• 6.

    Chaudhuri RN, Saha TK. Tropical eosinophilia. Experiments with Toxocara canis. Lancet. 1959;2(7101):493-4. [PubMed ID: 13809479].

  • 7.

    Watthanakulpanich D. Diagnostic trends of human toxocariasis. J Trop Med Parasitol. 2010;33:44-52.

  • 8.

    Noordin R, Smith HV, Mohamad S, Maizels RM, Fong MY. Comparison of IgG-ELISA and IgG4-ELISA for Toxocara serodiagnosis. Acta Trop. 2005;93(1):57-62. [PubMed ID: 15589798].

  • 9.

    Zibaei M, Sadjjadi SM. Trend of toxocariasis in Iran: A review on human and animal dimensions. Iran J Vet Res. 2017;18(4):233-42. [PubMed ID: 29387094]. [PubMed Central ID: PMC5767628].

  • 10.

    Alavinezhad A, Boskabady MH. The prevalence of asthma and related symptoms in Middle East countries. Clin Respir J. 2018;12(3):865-77. [PubMed ID: 28544458].

  • 11.

    Kuk S, Ozel E, Oguzturk H, Kirkil G, Kaplan M. Seroprevalence of Toxocara antibodies in patients with adult asthma. South Med J. 2006;99(7):719-22. [PubMed ID: 16866053].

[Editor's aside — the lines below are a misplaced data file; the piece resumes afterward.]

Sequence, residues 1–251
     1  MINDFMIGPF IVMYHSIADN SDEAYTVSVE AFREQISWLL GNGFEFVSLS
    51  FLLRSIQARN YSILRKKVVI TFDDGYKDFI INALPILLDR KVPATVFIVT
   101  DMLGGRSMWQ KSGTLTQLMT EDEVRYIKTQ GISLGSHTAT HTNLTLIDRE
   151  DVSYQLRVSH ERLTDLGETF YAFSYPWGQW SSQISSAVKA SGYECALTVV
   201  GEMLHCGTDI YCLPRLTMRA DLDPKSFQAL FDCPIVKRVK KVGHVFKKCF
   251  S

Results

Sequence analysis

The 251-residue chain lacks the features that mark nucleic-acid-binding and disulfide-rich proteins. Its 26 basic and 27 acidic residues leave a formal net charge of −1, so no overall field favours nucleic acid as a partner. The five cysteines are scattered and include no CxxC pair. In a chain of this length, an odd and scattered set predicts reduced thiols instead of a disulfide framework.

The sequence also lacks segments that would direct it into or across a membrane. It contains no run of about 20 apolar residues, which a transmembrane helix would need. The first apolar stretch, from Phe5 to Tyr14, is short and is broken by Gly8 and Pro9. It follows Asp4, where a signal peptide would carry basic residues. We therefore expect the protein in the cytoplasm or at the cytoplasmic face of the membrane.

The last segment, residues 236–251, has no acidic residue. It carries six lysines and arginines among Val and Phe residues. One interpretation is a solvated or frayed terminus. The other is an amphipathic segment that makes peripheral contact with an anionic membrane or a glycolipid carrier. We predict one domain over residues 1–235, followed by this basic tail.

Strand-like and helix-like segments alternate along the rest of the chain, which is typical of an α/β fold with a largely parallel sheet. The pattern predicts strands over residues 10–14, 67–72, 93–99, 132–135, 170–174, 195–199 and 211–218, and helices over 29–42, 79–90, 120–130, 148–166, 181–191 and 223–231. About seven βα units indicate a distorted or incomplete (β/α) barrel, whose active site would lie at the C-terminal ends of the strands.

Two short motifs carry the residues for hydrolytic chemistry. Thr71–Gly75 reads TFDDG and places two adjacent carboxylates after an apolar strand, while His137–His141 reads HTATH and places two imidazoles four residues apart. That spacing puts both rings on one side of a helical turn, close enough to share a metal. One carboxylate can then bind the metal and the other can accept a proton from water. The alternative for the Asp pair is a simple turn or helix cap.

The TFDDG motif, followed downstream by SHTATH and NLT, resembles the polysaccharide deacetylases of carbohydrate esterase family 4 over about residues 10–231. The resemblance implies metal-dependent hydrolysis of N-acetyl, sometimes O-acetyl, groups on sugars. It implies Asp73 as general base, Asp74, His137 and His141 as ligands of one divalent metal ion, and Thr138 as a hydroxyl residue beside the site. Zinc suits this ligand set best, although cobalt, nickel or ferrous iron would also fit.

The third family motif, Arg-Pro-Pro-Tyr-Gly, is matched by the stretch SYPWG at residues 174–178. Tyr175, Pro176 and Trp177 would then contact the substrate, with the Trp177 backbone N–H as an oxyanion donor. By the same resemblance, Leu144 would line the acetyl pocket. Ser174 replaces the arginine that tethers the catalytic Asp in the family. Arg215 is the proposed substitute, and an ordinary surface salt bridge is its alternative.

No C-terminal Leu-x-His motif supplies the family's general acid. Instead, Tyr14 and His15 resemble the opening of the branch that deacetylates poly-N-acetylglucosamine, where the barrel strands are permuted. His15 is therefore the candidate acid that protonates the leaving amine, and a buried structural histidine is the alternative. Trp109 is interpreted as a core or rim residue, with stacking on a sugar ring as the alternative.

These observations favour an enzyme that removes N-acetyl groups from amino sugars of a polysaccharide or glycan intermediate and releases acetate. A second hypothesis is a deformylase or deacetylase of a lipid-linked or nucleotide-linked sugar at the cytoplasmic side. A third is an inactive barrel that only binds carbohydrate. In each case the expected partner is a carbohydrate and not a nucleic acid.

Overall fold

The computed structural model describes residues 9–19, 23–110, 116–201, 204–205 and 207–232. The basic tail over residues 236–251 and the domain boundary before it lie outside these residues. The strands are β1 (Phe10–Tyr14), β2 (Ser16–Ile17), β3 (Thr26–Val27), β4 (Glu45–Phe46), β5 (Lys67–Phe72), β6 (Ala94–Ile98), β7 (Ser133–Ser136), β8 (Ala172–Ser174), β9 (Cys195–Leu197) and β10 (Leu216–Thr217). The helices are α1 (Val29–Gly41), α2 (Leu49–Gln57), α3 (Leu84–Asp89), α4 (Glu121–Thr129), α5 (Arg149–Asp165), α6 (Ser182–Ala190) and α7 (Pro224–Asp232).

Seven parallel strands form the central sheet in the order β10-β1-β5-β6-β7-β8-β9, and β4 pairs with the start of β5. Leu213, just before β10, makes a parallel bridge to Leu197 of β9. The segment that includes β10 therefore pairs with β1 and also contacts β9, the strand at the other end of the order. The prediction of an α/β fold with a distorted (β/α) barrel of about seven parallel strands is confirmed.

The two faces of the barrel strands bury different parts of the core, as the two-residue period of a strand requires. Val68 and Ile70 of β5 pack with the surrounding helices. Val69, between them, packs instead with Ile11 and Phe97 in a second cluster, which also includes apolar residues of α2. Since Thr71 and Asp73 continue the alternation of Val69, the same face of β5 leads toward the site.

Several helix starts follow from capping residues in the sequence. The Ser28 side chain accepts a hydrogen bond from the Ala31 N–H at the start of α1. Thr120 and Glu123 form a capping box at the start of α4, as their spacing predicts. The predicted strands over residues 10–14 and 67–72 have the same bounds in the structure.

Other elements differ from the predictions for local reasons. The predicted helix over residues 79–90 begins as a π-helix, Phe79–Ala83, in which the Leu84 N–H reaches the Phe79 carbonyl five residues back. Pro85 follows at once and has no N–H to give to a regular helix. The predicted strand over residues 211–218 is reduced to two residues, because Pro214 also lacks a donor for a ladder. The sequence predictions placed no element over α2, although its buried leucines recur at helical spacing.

• 12.

    Cobzaru RG, Ripa C, Leon MM, Luca MC, Ivan A, Luca M. Correlation between asthma and Toxocara canis infection. Rev Med Chir Soc Med Nat Iasi. 2012;116(3):727-30. [PubMed ID: 23272518].

  • 13.

    Kustimur S, Dogruman Al F, Oguzulgen K, Bakir H, Maral I, Turktas H, et al. Toxocara seroprevalence in adults with bronchial asthma. Trans R Soc Trop Med Hyg. 2007;101(3):270-4. [PubMed ID: 17097699].

  • 14.

    Cadore PS, Zhang L, Lemos Lde L, Lorenzi C, Telmo Pde L, Dos Santos PC, et al. Toxocariasis and childhood asthma: A case-control study. J Asthma. 2016;53(6):601-6. [PubMed ID: 27104477].

  • 15.

    Aghaei S, Riahi SM, Rostami A, Mohammadzadeh I, Javanian M, Tohidi E, et al. Toxocara spp. infection and risk of childhood asthma: A systematic review and meta-analysis. Acta Trop. 2018;182:298-304. [PubMed ID: 29573999].

  • 16.

    Momen T, Esmaeil N, Reisi M. Seroprevalence of Toxocara canis in asthmatic children and its relation to the severity of diseases - a case-control study. Med Arch. 2018;72(3):174-7. [PubMed ID: 30061761]. [PubMed Central ID: PMC6021150].

  • 17.

    Sarvi S, Daryani A, Sharif M, Rahimi MT, Kohansal MH, Mirshafiee S, et al. Zoonotic intestinal parasites of carnivores: A systematic review in Iran. Vet World. 2018;11(1):58-65. [PubMed ID: 29479158]. [PubMed Central ID: PMC5813513].